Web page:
Every evening, the men would start dancing the Dabke as Amer played his plastic flute. For those few hours each night, he had everyone eating out the palm of his hand. His good luck didn’t end there: in one of the FSA videos where prisoners were forced to look down to conceal their identity, Amer slightly faced the camera for a fraction of a second. It was enough for a friend working in an aid agency in Turkey to recognize him. The friend, in turn, contacted the armed faction holding Amer, which asked for ransom to release the musician. After the money was delivered, Amer was released and is currently seeking asylum in a European country.

Assem took the last drag of his cigarette before he flicked it off the balcony. “Sometimes I feel it’s a dream,” he said. “Eight years and it’s like I’m having an outer body experience. Who is this person wearing the camouflage uniform and loading a rifle? Why am I carrying arms instead of a violin bow? Why am I in a dorm or a dilapidated building fighting someone instead of being on stage? And all those years, if I were practicing and working, what would I have achieved?”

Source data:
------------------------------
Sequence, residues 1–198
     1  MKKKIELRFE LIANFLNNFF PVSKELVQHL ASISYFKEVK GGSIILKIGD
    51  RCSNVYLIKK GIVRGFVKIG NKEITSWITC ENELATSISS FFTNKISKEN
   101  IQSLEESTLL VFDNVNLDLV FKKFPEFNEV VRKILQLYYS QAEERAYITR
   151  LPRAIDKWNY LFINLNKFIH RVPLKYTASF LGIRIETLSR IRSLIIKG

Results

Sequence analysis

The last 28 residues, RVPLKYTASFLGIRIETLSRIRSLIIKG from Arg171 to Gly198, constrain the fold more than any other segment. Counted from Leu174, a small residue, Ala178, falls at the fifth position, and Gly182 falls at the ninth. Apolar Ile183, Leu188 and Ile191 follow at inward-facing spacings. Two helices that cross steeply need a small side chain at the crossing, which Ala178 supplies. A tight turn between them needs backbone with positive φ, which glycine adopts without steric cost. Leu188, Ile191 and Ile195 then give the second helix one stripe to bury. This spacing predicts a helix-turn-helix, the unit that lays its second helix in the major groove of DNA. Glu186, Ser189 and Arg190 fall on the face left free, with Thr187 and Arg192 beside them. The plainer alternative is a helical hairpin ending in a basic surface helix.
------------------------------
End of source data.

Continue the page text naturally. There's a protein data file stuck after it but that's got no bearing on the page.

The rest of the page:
Moudder patted his friend on the shoulder. “Don’t worry, you’ll get it back. You’re only 32 years old,” he told Assem.

“With shaky hands and diabetes. Maybe playing on stage isn’t my thing anymore,” Assem replied.

“Come, let’s go back inside. Everything will be alright before you know it,” Moudder said reassuringly.

The two men walked back inside: Assem with a heavy heart unable to shake off the traumatic past even after his discharge, and Moudder with a single hope that he would kidnapped by armed factions and, with a stroke of luck, end up in Europe.